Yiddish, and sometime the immigration clerks misspell the last name, and
turn it to: Carmen, Karman, Kermen, Etc. By cross check the JRI-Poland and
Eidb databases, we came to definate conclusion that all misspelled are >from
the same source: Karmin, specially when it concerns people and families who
came >from Lomza gubernia - Grajewo\ Lomza\ Stuzin\ Suwalki.

We are looking for descendants related to a/m, with highlight on Max &
Judke Karmin Who as far as we know, lived in NYC around the 1920.

Any possible information will be highly appreciated.

Moshe Karmin, Rishon Lezion - Israel
E-Mail: mkarmin@...

JewishGen Discussion Group #JewishGen Leaving Mother Russia #general

irvjs@...
 

The story that I heard >from my father, Israel Schiffres, who was born in
Grodno (Russia) in 1898, was that while the Germans were occupying Grodno in
1917 (during World War I), he received permission to move (immigrate?) to
Cologne (Koln). Does anyone know what kind of papers were required and
whether it was common, or easy, for Jews to leave war-torn Russia for Germany?
Also, I believe he told me that he had no passport until he married my
mother (Lea Speier-Holstein) in 1926. He was then required to obtain a
passport and had a choice of applying for a "Bolshevik" Soviet passport or a
Polish one (Grodno was by then in Poland.) He chose the latter, and the
passport was issued to I. SZYFRES, a spelling that he never used although it
was our "legal" name until we became American Citizens and reverted to the
Schiffres spelling. Has anyone heard of Jews being given such a choice of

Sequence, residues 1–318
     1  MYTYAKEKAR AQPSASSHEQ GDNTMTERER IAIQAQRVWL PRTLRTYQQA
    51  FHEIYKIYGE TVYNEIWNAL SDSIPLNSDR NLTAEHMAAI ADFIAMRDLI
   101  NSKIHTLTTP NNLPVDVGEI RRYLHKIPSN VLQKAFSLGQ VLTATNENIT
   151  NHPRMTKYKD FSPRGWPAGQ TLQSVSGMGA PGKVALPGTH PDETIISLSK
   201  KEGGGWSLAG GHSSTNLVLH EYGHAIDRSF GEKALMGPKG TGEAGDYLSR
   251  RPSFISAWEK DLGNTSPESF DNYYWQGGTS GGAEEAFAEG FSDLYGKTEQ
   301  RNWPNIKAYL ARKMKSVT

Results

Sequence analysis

citizenship?

Irwin J. SCHIFFRES
Rochester, NY
Searching HOLSTEIN or SPEIER-HOLSTEIN (Neuenbrunslar, Gensungen), SPEIER
or SPEYER (Hof or Hoof), KAHN (Alsace, Belgium), SCHIFFRES/SHIFRES/SZYFRES
(Grodno), HALPERN/GALPERN (Grodno)

JewishGen Discussion Group #JewishGen New e-mail address #general

SY PEARLMAN <pearlman@...>
 

I can now be found at: pearlman@... Do not send to any other
e-mail address. Thanks, Sy Pearlman

MODERATOR NOTE: Please remember to change your address for subscriptions
and the JGFF, if you have not already done so.

Re: Nedd help with a name #galicia

MBernet@...
 

In a message dated 12/27/2001 11:28:39 PM Eastern Standard Time,
israel@... writes:

<< I don't know about Neche, but Selma is of Celtic origin and I
think it would be unlikely to be found in 19th century Poland.
Presumably she adopted this name when she came to America. AFAIK
there is no relation between this and Neche, >>

==My dictionary says Selma is of Greek origin. It is a fairly common name
in Europe and found quite frequently among Jews. My guess is it often has
someething to do with Shlomit/Shulamit/Salame or masculine names like
Salomon or Zelig.

Neche is one of many names derived >from the Hebrew Nechama (consolation)
equivalent to the male Menachem (often rendered Mendel).

Parents give whatever names they want to their children; the latter can pick
up a new name wheneever they want to go to the trouble. Immigration is as
good a time as any. Names cannot be "translated."

Michael Bernet, New York

JewishGen Discussion Group #JewishGen Re: Nedd help with a name #general

MBernet@...
 

In a message dated 12/27/2001 11:28:39 PM Eastern Standard Time,
israel@... writes:

<< I don't know about Neche, but Selma is of Celtic origin and I
think it would be unlikely to be found in 19th century Poland.
Presumably she adopted this name when she came to America. AFAIK
there is no relation between this and Neche, >>

==My dictionary says Selma is of Greek origin. It is a fairly common name
in Europe and found quite frequently among Jews. My guess is it often has
someething to do with Shlomit/Shulamit/Salame or masculine names like
Salomon or Zelig.

Neche is one of many names derived >from the Hebrew Nechama (consolation)
equivalent to the male Menachem (often rendered Mendel).

Parents give whatever names they want to their children; the latter can pick
up a new name wheneever they want to go to the trouble. Immigration is as
good a time as any. Names cannot be "translated."

Michael Bernet, New York